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Marine Ecology Progress Series

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MEPS 267:219-231 (2004)  -  doi:10.3354/meps267219

Size-dependent competition in a gregarious porcelain crab Petrolisthes cinctipes (Anomura: Porcellanidae)

Megan J. Donahue*

Section of Evolution & Ecology, Bodega Marine Laboratory, University of California, Davis, California 95616, USA Present address: Department of Biological Sciences, Gilman Hall, Dartmouth College, Hanover, New Hampshire 03755, USA

ABSTRACT: Studies of competition in benthic marine organisms have focused on sessile filter-feeders and mobile grazers, to the neglect of mobile filter-feeders, including porcelain crabs. The present study demonstrates intraspecific competition in Petrolisthes cinctipes (Randall) (Porcellanidae: Anomura). P. cinctipes settles gregariously and lives in high-density, multi-size aggregations. Studies of gregarious species often identify the benefits of aggregation without quantifying the concomitant costs; this study quantifies these costs. In field and laboratory experiments, P. cinctipes growth rates declined with increasing conspecific density and this decline was more severe for smaller individuals. P. cinctipes also fed less frequently at high density, and this effect was more pronounced for smaller individuals. This indicates that size-dependent agonistic interactions in P. cinctipes have effects on feeding rate and, ultimately, on growth rate. Resource levels were manipulated in laboratory experiments by using filtered and unfiltered seawater. The effect of resource level also depended on size: smaller crabs were more sensitive to changes in food level. Thus, conspecific density and food availability both affected growth rate in a size-dependent manner. Therefore, the costs of aggregation are more extreme for recruits than for adult crabs; recruits suffer more from competition, but may also benefit more if conspecific cueing results in settlement to sites with higher food availability.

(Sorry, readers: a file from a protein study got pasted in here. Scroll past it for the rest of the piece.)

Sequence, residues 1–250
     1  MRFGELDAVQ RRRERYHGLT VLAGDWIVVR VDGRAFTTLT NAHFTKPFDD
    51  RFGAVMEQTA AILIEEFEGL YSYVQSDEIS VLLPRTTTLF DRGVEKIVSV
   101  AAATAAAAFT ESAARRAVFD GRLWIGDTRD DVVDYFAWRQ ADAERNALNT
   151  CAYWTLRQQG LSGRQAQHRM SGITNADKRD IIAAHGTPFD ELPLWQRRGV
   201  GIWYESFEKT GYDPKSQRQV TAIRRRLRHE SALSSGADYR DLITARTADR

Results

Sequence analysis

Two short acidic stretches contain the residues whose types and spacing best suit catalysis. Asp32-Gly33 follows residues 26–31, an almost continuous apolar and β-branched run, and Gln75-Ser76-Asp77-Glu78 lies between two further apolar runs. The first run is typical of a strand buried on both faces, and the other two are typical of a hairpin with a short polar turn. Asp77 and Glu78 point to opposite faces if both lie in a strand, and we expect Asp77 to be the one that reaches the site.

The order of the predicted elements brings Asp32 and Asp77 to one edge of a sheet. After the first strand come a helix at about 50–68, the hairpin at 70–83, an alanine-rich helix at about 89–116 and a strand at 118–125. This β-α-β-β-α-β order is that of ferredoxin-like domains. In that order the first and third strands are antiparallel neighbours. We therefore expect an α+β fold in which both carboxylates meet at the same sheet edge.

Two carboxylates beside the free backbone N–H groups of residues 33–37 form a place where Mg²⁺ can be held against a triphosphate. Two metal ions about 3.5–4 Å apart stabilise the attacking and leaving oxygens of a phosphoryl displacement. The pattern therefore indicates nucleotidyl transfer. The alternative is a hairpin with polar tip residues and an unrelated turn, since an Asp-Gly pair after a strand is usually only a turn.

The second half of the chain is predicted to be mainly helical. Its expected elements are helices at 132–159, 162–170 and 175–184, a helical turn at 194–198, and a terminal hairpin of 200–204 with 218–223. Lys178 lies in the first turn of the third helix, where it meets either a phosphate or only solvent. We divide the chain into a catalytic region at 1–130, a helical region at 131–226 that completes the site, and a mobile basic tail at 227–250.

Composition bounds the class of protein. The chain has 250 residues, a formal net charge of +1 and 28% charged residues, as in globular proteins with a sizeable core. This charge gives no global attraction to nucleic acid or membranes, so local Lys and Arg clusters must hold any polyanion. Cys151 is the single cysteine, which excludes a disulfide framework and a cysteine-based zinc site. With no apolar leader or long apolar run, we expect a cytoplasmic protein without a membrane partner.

KEY WORDS: Intraspecific competition · Size-dependent competition · Porcelain crab · Filter feeding · Gregarious settlement · Aggregation

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